Last Frontier Honor Flight celebrates 10 years of travel to nation’s capital
Outside the Gates
ANCHORAGE, Alaska (KTUU) - It’s a program that takes Alaskan veterans of war to the nation’s capital to see the memorials built to honor their service, and the most recent trip through the Last Frontier Honor Flight celebrated the organization’s 10-year anniversary.
Randy Kimpton, president of the organization, said the way the program has grown over the years has been amazing to witness.
“It has evolved into something that’s absolutely incredible,” Kimpton said. “The healing that goes on that no one had expected would happen.”
The five-day trip starts in Anchorage, where the October flight saw 21 World War II, Korean War, and Vietnam War veterans board Flight 198 to Portland, Oregon.
From there, the group overnights at a hotel near the Portland International Airport and boards another Alaska Airlines flight the following morning for Washington D.C.
Over the course of the trip the veterans — alongside their guardians — visited multiple memorials, including the World War II, Korean, Vietnam, Navy, Air Force, Women in Military Service for America, and Marine Corps.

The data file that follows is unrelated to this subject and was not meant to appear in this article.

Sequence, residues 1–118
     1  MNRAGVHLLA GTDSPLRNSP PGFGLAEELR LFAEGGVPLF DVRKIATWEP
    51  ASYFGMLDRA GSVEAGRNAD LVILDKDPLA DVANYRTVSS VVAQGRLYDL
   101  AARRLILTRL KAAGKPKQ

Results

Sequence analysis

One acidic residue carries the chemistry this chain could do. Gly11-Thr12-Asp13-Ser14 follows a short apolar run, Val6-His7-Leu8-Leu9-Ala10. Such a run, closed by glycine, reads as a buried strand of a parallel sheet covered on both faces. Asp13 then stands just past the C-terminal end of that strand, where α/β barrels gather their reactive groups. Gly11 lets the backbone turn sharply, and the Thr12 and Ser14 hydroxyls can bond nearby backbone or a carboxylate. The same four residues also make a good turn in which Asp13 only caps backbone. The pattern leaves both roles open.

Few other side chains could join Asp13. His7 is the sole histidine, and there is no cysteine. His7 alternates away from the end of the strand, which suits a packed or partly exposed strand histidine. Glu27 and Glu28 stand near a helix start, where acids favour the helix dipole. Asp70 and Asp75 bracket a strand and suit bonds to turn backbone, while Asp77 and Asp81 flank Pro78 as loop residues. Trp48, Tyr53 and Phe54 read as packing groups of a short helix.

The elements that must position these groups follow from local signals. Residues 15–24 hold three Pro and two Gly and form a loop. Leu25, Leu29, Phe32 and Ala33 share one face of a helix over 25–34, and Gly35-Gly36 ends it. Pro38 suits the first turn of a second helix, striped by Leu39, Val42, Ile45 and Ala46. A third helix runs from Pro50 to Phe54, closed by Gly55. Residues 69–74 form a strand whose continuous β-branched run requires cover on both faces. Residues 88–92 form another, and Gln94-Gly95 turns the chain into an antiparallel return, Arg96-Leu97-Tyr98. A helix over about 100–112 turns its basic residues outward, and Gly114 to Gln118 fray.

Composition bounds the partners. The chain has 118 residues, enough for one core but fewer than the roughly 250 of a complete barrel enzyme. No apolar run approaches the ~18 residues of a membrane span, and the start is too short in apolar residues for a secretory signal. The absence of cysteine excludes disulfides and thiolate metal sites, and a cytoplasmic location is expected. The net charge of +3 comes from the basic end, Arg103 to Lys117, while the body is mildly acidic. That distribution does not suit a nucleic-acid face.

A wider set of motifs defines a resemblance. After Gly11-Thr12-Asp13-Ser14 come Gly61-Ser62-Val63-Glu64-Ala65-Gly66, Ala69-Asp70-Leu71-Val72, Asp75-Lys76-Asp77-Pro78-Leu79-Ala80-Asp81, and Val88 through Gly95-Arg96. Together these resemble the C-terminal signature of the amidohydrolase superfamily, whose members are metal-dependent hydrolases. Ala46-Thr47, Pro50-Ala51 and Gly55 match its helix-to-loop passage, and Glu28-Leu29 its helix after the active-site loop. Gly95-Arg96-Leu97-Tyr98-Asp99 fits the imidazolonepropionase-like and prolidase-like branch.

The trip also included a visit to Arlington Cemetary in the Capital, where the veterans received a front-row seat to the Changing of the Guard ceremony at the Tomb of the Unknown Soldier.
The Last Frontier Honor Flight is just one part of an entire national network of Honor Flight organizations that served 21,800 veterans in 2022 with 18,709 guardians participating.
Including the October flight, the Last Frontier Honor Flight has flown a total of 382 Alaskan veterans to the nation’s capital.
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